Alphabetical Entries: L
lady Do not use as a synonym for woman; do not use gentleman as a synonym for man. The term "lady" may be used appropriately in certain circumstances, but use caution because it carries different shades of meaning and connotations; it often appears gratuitous or condescending, but it can also connote elegance or propriety. If you do use lady, use the parallel construction – gentleman – for men: ladies and gentlemen. See AP Stylebook's lady entry.
Latino, Latina, Latinx Latino is often the preferred noun or adjective for a person from, or whose ancestors were from, a Spanish-speaking land or culture or from Latin America. Latina is the feminine form. For groups of females, use the plural Latinas; for groups of males or of mixed gender, use the plural Latinos. Some prefer the recently coined gender-neutral term Latinx, which can be used as a singular or plural. Follow the person’s preference. Hispanics is also generally acceptable for those in the U.S. Use a more specific identification when possible, such as Cuban, Puerto Rican, Brazilian or Mexican American.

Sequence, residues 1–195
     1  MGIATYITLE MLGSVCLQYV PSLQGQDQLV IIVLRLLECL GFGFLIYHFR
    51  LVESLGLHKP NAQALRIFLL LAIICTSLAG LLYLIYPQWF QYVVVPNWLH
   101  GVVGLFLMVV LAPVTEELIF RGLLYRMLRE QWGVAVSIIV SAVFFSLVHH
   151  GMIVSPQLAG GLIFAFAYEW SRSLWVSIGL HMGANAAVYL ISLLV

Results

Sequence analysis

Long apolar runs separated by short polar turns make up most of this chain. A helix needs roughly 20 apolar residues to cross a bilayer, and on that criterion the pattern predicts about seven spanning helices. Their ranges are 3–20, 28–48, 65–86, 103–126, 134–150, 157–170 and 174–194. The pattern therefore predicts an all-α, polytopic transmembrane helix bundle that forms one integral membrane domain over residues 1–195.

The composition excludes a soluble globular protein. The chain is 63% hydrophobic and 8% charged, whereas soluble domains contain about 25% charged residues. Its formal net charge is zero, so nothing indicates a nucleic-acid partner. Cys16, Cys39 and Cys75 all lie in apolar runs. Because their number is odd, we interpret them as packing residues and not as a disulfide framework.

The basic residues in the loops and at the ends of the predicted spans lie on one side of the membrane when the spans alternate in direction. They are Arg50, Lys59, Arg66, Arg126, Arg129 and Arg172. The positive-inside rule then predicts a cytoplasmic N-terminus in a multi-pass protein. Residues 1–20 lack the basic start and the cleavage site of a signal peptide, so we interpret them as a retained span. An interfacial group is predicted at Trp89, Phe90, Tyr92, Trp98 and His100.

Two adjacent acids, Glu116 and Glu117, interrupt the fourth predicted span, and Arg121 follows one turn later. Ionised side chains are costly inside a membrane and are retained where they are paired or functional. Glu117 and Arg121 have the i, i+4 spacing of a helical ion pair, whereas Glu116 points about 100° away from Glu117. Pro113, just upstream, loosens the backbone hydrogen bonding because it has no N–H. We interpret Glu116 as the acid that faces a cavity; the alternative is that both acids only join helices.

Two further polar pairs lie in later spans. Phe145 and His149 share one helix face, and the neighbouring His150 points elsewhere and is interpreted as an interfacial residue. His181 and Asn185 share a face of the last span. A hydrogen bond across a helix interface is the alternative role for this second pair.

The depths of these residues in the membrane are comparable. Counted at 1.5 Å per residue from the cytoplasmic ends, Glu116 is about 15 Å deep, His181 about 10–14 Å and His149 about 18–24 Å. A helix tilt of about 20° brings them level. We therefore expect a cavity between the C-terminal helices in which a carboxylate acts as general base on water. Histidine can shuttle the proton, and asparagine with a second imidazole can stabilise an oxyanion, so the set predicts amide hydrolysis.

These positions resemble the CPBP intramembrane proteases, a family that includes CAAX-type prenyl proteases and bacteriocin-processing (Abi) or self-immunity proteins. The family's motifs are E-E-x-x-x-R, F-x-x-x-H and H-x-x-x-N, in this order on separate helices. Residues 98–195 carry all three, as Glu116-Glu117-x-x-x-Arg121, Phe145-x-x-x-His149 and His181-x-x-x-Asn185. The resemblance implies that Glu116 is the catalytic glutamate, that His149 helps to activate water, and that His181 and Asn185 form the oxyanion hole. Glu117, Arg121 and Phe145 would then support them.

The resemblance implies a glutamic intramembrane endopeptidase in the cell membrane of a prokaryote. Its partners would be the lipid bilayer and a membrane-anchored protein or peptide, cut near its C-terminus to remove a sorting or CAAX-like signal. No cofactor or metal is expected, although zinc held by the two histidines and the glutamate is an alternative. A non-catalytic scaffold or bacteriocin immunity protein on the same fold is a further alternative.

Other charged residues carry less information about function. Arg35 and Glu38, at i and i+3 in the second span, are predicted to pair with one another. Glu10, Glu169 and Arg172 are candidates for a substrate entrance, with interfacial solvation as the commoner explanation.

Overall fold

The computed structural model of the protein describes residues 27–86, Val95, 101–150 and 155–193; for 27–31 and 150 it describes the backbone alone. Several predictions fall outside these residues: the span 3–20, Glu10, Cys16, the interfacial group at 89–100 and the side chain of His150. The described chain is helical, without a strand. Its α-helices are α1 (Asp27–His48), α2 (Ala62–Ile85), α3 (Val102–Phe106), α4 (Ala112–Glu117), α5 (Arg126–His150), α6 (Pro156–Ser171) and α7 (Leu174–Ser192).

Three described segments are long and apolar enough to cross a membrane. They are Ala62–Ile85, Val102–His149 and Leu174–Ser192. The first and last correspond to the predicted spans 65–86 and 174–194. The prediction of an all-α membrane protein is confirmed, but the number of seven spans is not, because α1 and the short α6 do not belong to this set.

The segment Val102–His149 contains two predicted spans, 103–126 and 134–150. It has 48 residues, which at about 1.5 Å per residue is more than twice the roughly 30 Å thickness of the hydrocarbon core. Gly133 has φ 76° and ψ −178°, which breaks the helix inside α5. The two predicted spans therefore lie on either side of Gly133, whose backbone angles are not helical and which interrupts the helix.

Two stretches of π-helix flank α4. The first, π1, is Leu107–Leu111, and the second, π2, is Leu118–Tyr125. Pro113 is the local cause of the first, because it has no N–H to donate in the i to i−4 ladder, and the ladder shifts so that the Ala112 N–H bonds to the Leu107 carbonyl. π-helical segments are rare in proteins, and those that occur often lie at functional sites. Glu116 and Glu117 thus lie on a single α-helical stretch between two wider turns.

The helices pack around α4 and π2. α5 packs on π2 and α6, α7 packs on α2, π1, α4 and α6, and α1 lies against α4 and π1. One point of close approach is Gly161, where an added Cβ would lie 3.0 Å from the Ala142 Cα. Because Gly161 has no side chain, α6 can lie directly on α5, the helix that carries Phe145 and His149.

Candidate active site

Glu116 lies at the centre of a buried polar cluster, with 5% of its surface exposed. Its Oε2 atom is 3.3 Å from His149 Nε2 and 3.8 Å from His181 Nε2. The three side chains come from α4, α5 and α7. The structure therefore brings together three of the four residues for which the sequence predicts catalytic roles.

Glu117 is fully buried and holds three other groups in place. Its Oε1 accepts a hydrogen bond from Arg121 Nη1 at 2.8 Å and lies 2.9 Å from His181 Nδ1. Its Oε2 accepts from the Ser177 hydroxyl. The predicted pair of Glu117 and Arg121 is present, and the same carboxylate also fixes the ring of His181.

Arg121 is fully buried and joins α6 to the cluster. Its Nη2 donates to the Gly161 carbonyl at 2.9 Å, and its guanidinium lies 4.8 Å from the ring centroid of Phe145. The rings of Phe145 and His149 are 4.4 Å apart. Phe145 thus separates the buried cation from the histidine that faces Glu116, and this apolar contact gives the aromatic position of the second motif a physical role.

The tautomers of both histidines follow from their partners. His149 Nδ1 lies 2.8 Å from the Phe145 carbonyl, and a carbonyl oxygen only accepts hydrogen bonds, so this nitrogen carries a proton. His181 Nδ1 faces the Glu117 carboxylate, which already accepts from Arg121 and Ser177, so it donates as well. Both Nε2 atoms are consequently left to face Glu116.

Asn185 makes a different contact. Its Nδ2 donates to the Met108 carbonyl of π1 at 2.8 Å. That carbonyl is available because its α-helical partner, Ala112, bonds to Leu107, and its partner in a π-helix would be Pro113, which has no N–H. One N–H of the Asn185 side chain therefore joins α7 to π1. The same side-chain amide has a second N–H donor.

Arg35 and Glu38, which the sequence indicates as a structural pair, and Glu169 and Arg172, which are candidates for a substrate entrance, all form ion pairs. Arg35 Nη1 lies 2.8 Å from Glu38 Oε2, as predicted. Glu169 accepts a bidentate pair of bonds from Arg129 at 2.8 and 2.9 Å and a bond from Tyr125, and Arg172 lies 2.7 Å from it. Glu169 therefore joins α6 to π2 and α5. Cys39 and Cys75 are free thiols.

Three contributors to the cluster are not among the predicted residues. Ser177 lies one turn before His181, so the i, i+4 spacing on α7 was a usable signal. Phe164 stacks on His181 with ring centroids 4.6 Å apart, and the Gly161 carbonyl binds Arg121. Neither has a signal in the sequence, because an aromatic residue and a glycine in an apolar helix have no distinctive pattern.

lecturers, lectures, lectureships The title lecturer or adjunct lecturer should be treated as an occupational title rather than a formal title and thus always be lowercased, even before a name: environmental horticulture lecturer Warren G. Roberts. The title of a lecture should, in all cases, be within quotations. (See the "UNPUBLISHED WORKS" heading under the composition titles entry.) Lectureships, often endowed or underwritten, enable the campus to invite distinguished scholars to campus for a period of a few days to participate in seminars and to give one or more talks. Lectures can be held, presented or given. Also see the conference titles and series entries.
literary series See the series entry.